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Llewellyn H. Rockwell, Jr

War for Hong Kong?

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President Trump faces trouble, and he is handling it in a dangerous way. Our economy is reeling, as the Fed pours out billions of dollars in a futile effort to avert disaster. We know to our cost that politicians, faced with crisis at home, provoke war “to busy giddy minds with foreign quarrels.”

Unfortunately, this is just what Trump is doing. According to a CNN news report on Friday, May 28, “President Donald Trump launched a blistering attack on Beijing Friday, naming misdeeds that range from espionage to the violation of Hong Kong’s freedoms, and announced a slew of retaliatory measures that will plunge US-China relations deeper into crisis.
‘They’ve ripped off the United States like no one has ever done before,’ Trump said of China, as he decried the way Beijing has ‘raided our factories’ and ‘gutted’ American industry, casting Beijing as a central foil he will run against in the remaining months of his re-election campaign.

Trump called out China for ‘espionage to steal our industrial secrets, of which there are many,’ announced steps to protect American investors from Chinese financial practices, accused Beijing of ‘unlawfully claiming territory in the Pacific Ocean’ and threatening freedom of navigation.
The President also blasted Beijing for passing a national security law that fundamentally undermines Hong Kong’s autonomy, announcing that going forward the US will no longer grant Hong Kong special status on trade or in other areas and instead will apply the same restrictions to the territory it has in place with China.
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The End of Civilization?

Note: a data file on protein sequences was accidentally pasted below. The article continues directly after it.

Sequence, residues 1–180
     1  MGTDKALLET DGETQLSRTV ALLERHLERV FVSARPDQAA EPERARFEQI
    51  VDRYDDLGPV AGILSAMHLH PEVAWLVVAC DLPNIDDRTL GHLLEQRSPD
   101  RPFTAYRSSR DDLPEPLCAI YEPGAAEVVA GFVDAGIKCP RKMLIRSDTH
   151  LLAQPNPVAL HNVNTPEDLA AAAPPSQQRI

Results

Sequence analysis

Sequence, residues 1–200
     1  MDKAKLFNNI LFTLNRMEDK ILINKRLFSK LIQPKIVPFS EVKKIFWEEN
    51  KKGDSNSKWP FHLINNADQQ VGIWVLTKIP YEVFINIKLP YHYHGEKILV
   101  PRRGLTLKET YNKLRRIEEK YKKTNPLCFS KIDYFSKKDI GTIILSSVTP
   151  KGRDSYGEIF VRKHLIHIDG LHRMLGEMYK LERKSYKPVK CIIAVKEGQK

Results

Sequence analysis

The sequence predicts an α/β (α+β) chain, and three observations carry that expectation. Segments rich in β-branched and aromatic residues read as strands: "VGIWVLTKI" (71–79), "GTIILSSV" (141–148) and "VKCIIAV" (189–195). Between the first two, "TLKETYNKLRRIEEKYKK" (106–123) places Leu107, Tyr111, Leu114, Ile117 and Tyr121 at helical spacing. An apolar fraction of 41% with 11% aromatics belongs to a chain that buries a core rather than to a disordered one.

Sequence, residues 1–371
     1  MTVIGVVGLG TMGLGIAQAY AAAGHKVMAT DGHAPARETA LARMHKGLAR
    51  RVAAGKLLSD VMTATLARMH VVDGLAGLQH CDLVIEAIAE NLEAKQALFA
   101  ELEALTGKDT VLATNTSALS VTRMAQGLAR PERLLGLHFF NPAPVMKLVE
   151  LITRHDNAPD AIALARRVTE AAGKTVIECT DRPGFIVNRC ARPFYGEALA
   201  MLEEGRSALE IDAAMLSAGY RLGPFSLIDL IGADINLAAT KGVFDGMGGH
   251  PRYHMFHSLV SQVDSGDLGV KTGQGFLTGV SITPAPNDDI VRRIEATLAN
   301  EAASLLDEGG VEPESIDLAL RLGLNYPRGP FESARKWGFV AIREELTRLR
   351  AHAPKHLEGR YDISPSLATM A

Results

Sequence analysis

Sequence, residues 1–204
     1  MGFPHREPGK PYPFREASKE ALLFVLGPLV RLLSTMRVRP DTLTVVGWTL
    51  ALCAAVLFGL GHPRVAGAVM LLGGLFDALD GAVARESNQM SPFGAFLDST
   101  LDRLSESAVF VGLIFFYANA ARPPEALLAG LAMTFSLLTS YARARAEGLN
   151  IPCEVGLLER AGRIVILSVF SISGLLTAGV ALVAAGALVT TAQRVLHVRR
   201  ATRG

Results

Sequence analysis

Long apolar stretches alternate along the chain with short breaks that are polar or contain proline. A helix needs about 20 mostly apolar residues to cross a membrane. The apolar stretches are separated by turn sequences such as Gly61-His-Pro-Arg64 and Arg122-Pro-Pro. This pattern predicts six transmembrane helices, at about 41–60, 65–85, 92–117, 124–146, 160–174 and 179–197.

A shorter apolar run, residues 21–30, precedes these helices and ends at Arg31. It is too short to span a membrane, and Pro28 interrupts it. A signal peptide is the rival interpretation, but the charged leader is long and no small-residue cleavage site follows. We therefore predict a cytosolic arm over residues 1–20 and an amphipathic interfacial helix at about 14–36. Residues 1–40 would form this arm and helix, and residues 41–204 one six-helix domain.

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Governments all over the world are using the alleged threat of a COVID-19 pandemic to shut down the world’s economy. Daniel Lacalle, an authority on energy economics, writes: “The decision to shut down air travel and close all nonessential businesses is now a reality in major global economies.
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War on China?

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People are understandably upset about the coronavirus epidemic, but if we’re not careful, an even greater danger lies ahead. Sinister forces in American political life are using the crisis to incite war with China and to stir up bad feelings towards the Chinese people. The Chinese people are in fact heroic. They are our friends, not our enemies. But the forces of evil want you to think otherwise.

Concerning the coronavirus, the key fact to remember is that we know very little about it. The worst mistake we could make is to become jittery and panicked. As Bill Sardi, an outstanding expert on health issues, has pointed out, “There are two hotspots in the world for coronavirus infections: Wuhan, China (Hubei Province) and Italy.  Both of these geographic areas were grappling with tuberculosis outbreaks prior to the eruption of the mutated COVID-19 coronavirus.  Strangely, coronavirus appears to spread to the rest of the world from these hotspots via airplane travel.  But the infection remains in those infected and may spread within a household, but not into the community.  Other geographical outbreaks must be questioned as there are too many false positive tests to confirm COVID-19 coronavirus, which at this point in time may be nothing more than a passenger virus that accompanies tubercular infections.” If Sardi is right, the main thing we can do to keep safe is to close our borders to immigrants.